Gunn charts the demise of Family Health Plan, a Wisconsin HMO. This demise "was a remarkable meltdown of a once well-established, even venerable player in the local health-insurance marketplace...The insurer was a casualty of the massive changes that have swept through the health-care and health-insurance industries, and of the wholesale turnover of the insurer's top management during the course of those changes."
  • Power Failure

    Milwaukee Magazine examines the reasons "that led the once admirable Wisconsin Energy to the biggest environmental pollution penalty in state history." The report describes how 26,000 tons of cyanide-laced waste have been uncovered "buried under Wisconsin Energy's high-tension lines in West Allis and at two other sites..." The investigation details the inside story behind the arrogant and "idiot strategy" Wisconsin Energy had followed in court. The story points out that the legal battle - currently ending with a "groundbreaking $104.5 million verdict" - may reach the U.S. Supreme Court.
  • License to Kill

    "This Fox 6 investigation found many of Wisconsin's registered deer hunters are breaking the law every time they head into the woods -- and the state is allowing them to do it." Using two databases from the Wisconsin Office of Court Operations and the Wisconsin Department of Natural Resources, Fox 6 "cross referenced the two lists, revealing the state is selling gun-deer permits to more than 1,200 convicted felons -- people who aren't legally allowed to hold a firearm, let alone hunt with one."
  • Marine Corps Toxic Water

    "For nearly twenty years, the US Marine Corps knew thousands of Marines and their families had been exposed to toxic drinking water at a North Carolina training base. But most Marines were never told about their exposure to the toxins - until a Wisconsin woman called Fox 6 News." WITI-TV investigated the leak toxic chemicals into the water supply at Camp Lejeune, NC, that may have resulted in the contamination of nearly 200,000 Marines. The chemicals that leaked into the water supply at Camp Lejeune have been known to cause cancer, as well as birth defects, and may have affected more people than the Corps first realized.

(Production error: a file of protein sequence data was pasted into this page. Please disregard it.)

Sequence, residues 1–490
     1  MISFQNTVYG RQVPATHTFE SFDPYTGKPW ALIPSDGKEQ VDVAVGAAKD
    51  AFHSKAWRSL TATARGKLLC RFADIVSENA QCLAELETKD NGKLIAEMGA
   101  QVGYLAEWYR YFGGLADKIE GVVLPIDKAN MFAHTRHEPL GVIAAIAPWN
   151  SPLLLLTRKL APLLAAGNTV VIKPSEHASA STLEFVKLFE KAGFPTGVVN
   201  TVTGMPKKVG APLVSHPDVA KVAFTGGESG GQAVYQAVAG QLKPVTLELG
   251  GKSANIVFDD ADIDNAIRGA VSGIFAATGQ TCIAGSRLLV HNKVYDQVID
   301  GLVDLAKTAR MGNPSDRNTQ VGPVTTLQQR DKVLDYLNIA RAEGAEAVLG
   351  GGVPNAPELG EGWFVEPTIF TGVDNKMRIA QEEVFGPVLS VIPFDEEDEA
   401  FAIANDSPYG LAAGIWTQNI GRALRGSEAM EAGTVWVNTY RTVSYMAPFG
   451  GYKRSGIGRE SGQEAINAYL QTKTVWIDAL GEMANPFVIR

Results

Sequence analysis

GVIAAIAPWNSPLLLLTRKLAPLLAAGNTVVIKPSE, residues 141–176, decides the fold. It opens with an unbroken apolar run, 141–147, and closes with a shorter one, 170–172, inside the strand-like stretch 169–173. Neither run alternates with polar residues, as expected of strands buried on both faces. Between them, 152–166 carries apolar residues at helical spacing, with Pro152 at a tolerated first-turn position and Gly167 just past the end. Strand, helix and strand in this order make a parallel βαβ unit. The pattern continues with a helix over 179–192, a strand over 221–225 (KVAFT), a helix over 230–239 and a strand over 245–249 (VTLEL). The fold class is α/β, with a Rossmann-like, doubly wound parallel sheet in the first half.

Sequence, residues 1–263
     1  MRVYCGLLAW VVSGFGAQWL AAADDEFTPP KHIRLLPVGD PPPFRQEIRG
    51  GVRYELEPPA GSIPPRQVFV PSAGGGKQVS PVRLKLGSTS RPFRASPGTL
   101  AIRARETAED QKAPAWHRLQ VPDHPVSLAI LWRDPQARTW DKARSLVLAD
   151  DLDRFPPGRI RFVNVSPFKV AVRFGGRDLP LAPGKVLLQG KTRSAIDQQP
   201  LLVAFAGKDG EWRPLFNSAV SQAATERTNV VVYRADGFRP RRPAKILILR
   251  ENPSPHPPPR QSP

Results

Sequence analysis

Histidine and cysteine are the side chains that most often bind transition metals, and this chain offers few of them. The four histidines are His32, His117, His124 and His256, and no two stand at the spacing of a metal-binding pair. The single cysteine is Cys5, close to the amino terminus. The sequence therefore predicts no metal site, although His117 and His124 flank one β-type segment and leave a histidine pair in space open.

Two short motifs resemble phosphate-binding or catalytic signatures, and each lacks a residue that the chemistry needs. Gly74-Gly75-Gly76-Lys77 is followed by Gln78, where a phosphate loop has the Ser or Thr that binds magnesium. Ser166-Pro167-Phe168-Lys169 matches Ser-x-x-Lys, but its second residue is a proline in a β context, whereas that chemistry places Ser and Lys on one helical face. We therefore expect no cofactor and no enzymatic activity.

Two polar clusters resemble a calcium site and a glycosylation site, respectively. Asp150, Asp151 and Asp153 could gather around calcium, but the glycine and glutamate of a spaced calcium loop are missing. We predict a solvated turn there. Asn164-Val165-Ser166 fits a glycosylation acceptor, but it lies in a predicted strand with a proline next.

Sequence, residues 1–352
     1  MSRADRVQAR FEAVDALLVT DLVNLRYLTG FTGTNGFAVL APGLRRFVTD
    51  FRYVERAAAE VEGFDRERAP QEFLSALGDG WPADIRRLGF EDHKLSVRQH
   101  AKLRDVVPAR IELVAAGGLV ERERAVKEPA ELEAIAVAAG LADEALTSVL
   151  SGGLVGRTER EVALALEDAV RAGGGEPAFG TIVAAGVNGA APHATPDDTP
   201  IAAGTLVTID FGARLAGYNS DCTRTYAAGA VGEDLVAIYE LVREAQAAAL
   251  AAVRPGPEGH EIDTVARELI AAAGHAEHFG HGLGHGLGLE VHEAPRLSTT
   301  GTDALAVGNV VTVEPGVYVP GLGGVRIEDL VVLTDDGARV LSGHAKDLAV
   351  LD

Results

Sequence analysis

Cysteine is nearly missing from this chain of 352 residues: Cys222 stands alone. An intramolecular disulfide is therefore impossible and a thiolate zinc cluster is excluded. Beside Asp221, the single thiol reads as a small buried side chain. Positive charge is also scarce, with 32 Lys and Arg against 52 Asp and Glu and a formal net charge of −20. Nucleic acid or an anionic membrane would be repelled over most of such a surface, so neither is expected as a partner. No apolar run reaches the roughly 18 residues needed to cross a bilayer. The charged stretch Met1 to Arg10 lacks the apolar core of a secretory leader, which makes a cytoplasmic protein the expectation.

• Wisconsin's Death Penalty

    "The series detailed serious shortcomings in the state prison health care delivery system and described dozens of cases in which inmates died under questionable circumstances . . . Police and coroner investigations, if they existed at all, were often cursory, and record-keeping was slipshod. Only about one-third of prison officers were up-to-date in CPR . . . Almost none of the cases had been referred to the local district attorney's office for review. Few inmate families, much less the public, knew how the deaths had occurred."
  • Domestic Violence in Minnesota

    "Last year in Minnesota, 28 men killed their wives or girlfriends -- more than any other year on record. Sixteen used a gun. Six chose knives. Four relied on their bare hands, beating or strangling their lovers to death. The crimes tore apart families and left 61 children without mothers. We assembled a team of reporters to get behind those horrific numbers to tell readers why men kill women they claim to love, and why those who batter are rarely punished and often return to attack their victims again and again. We examined the special challenges that women in rural Minnesota and Wisconsin face in escaping abusive relationships. And we looked at some measures that may hold hope in battling this growing problem." Story includes biographies of the victims.